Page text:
It is time to give credit where credit is due. This column is dedicated to recognizing Planned Parenthood and its founder Margaret Sanger for their efforts in controlling the world’s population. Planned Parenthood has since its conception (no pun intended) the mission of eliminating from the world all “defectives” and “human waste”. PP has taken “human breeding” down a new path to near zero population growth in the United States and Europe by bringing to light the “inherent misery and defect of large families.”
For this we nominate Planned Parenthood for the “2013 World Population Control Award.”
No war, pestilence, genocide or government policy has done more to limit the numbers of defectives, feebleminded, poor and unwanted than Planned Parenthood.
Edwin Black, author of War Against The Weak, writes, “The global effort to help women make independent choices about their own pregnancies was dominated by one woman: Margaret Sanger … Motherhood was to most civilizations a sacred role. Sanger, however, wanted women to have a choice in that sacred role, specifically if, when and how often to become pregnant.”
So how did Margaret Sanger’s movement evolve to what it is now?
According to Black, Sanger was, “A crusader at heart, she was thrust into a mission: to bring birth regulating information and options to all women. It was more than a health movement. It was a woman’s liberation, intended to benefit all of society. Sanger and her circle of friends named the program ‘birth control.’ … Her various advocacy organizations evolved into the worldwide federation know as Planned Parenthood.”
“But Sanger was an ardent, self-confessed eugenicist, and she would turn her otherwise noble birth control organization into a tool for eugenics, which advocated for mass sterilization of so-called defectives, mass incarceration of the unfit and draconian immigration restrictions,” reports Black.
Black notes, “… Sanger vigorously opposed charitable efforts to uplift the downtrodden and deprived, and argued extensively that it was better that the cold and hungry be left without help, so that the eugenically superior strains could multiply without competition from ‘the unfit.’ She repeatedly referred to the lower classes and the unfit as ‘human waste’ not worthy of assistance, and proudly quoted the extreme eugenic view that human ‘weeds’ should be ‘exterminated.’ Moreover, for both political and genuine ideological reasons, Sanger associated closely with some of some of America’s most fanatical eugenic racists.” Sanger stated, “My criticism, therefore, is not directed at the ‘failure’ of philanthropy, but rather at its success.”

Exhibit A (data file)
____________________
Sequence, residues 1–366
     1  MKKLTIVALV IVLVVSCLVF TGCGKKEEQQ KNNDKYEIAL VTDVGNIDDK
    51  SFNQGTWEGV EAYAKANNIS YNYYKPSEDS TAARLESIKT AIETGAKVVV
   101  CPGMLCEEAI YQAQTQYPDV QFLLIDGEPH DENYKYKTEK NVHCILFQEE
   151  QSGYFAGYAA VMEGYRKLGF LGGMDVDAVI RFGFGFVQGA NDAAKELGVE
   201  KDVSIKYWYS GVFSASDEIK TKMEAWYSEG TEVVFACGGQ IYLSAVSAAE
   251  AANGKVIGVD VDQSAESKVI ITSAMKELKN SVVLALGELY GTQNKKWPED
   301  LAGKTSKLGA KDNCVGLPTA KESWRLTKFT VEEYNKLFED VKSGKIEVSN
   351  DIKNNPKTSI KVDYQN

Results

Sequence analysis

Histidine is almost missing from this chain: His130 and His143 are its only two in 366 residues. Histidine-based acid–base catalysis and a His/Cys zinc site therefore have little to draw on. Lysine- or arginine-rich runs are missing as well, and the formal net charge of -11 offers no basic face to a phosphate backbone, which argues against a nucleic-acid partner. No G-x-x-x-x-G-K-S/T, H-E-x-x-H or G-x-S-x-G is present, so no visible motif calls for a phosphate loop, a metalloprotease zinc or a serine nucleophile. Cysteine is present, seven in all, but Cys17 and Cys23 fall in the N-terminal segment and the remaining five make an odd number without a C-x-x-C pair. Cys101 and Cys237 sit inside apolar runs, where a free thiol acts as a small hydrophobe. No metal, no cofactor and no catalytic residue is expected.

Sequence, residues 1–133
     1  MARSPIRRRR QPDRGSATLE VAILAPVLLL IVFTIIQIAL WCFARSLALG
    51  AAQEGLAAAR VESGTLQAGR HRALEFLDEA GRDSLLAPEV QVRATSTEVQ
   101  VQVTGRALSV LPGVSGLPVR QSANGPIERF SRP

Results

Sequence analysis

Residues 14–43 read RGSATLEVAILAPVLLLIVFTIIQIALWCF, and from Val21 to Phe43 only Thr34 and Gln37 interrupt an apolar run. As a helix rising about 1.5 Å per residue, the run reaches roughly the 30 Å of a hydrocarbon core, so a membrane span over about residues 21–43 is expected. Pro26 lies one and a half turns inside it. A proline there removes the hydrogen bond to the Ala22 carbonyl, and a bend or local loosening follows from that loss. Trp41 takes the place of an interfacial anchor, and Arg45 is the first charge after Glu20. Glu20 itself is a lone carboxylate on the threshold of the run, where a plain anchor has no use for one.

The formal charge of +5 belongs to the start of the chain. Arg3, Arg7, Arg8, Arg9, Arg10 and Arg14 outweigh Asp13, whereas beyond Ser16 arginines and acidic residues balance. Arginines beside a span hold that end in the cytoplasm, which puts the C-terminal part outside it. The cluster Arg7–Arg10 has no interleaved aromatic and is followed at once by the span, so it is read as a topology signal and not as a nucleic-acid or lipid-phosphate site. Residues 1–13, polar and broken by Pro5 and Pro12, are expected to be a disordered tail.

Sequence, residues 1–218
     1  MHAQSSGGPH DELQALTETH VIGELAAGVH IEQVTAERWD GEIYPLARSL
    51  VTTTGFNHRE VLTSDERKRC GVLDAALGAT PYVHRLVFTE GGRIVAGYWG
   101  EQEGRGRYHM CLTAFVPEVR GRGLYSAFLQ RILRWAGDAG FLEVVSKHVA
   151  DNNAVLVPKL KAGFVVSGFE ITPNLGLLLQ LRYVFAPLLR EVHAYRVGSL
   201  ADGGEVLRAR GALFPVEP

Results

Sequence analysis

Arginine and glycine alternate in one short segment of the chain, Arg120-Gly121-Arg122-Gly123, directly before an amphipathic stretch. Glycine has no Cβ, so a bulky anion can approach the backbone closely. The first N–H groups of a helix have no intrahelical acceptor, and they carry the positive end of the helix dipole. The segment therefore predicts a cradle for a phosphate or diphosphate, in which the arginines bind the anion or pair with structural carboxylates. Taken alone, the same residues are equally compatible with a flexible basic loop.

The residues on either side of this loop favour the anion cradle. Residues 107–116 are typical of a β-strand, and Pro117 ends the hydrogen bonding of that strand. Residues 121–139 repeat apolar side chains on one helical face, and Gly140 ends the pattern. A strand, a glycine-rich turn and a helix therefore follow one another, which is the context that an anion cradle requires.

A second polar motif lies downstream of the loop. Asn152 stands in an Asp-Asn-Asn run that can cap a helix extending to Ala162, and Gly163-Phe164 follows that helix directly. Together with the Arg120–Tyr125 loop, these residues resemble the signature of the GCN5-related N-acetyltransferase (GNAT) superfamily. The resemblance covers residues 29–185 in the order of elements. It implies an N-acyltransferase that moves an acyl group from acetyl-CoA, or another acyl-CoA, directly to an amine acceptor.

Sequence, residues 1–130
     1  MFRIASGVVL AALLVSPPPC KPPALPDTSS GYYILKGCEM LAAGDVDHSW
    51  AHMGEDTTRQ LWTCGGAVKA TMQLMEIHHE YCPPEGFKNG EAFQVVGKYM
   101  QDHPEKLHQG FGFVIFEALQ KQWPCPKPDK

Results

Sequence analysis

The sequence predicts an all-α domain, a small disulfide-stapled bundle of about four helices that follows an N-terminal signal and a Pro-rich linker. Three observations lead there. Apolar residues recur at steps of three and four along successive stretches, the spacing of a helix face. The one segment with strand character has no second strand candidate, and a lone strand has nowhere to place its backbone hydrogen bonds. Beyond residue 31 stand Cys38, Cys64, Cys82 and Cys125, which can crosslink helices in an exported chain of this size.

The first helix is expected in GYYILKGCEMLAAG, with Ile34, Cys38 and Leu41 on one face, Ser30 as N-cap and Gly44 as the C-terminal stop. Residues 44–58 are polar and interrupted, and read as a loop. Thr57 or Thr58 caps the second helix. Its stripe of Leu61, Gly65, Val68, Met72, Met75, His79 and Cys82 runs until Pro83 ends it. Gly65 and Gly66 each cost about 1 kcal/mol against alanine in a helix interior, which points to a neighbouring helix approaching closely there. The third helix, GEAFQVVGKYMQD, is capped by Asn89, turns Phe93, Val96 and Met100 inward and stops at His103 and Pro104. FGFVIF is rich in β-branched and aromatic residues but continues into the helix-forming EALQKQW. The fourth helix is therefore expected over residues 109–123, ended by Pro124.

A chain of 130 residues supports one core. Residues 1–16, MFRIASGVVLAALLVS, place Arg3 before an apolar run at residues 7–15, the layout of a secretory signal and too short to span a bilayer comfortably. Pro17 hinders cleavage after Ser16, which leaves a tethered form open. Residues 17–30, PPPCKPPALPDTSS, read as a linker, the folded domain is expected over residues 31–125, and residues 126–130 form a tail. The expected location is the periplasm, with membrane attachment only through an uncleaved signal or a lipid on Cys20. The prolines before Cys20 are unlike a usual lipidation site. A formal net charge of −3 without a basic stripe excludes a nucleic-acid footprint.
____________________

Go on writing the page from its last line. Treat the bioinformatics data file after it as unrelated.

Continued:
“The feminist movement, of which Sanger was a major exponent, always identified with eugenics,” wrote Black.
“Human breeding was advocated by American feminists long before Davenport respun Mendelian principles into twentieth century American eugenics. Feminist author Victoria Woodhull, for example, expressed the belief that encouraging positive and discouraging negative breeding were both indispensable for social improvement. In her 1981 pamphlet, The Rapid Multiplication of the Unfit, Woodhull insisted, ‘The best minds of today have accepted the fact that if superior people are desired, they must be bred; and if imbeciles, criminals, paupers and [the] otherwise unfit are undesirable citizens they must not be bred.”
Today the United Nations has a competition for its “Population Award.” The UN website states, “Each year, the Committee for the United Nations Population Award presents an award to an individual(s) and/or institution(s) in recognition of outstanding contributions to increasing the awareness of population questions and to their solution. The Award, which was established by the General Assembly in November 1981, in resolution 36/201, and was first presented in 1983, consists of a gold medal, a diploma and a monetary prize. Nominations for the award are accepted through 31 December of each year.” The 2010 award was given to Bill and Melinda Gates. There is even an international Population Institute.
Planned Parenthood since 1912, with the full support of the feminist movement, has been the primary force in “stopping the breeding.” Congratulations! We are in a Brave New World indeed.